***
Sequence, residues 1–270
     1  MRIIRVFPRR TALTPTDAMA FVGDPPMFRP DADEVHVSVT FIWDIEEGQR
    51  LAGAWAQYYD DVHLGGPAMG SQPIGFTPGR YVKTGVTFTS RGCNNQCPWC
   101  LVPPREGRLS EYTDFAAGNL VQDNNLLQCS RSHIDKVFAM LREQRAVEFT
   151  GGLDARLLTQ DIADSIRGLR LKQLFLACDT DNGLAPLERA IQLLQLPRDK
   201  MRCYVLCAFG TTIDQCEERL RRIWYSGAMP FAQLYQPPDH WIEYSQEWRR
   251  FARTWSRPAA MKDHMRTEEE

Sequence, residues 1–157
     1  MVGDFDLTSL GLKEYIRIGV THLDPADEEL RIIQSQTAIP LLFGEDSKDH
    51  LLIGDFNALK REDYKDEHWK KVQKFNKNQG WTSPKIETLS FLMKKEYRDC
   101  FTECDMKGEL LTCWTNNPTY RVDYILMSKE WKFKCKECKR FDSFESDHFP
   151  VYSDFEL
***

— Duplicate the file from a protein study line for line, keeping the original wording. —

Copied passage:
Sequence, residues 1–270
     1  MRIIRVFPRR TALTPTDAMA FVGDPPMFRP DADEVHVSVT FIWDIEEGQR
    51  LAGAWAQYYD DVHLGGPAMG SQPIGFTPGR YVKTGVTFTS RGCNNQCPWC
   101  LVPPREGRLS EYTDFAAGNL VQDNNLLQCS RSHIDKVFAM LREQRAVEFT
   151  GGLDARLLTQ DIADSIRGLR LKQLFLACDT DNGLAPLERA IQLLQLPRDK
   201  MRCYVLCAFG TTIDQCEERL RRIWYSGAMP FAQLYQPPDH WIEYSQEWRR
   251  FARTWSRPAA MKDHMRTEEE

Sequence, residues 1–157
     1  MVGDFDLTSL GLKEYIRIGV THLDPADEEL RIIQSQTAIP LLFGEDSKDH
    51  LLIGDFNALK REDYKDEHWK KVQKFNKNQG WTSPKIETLS FLMKKEYRDC
   101  FTECDMKGEL LTCWTNNPTY RVDYILMSKE WKFKCKECKR FDSFESDHFP
   151  VYSDFEL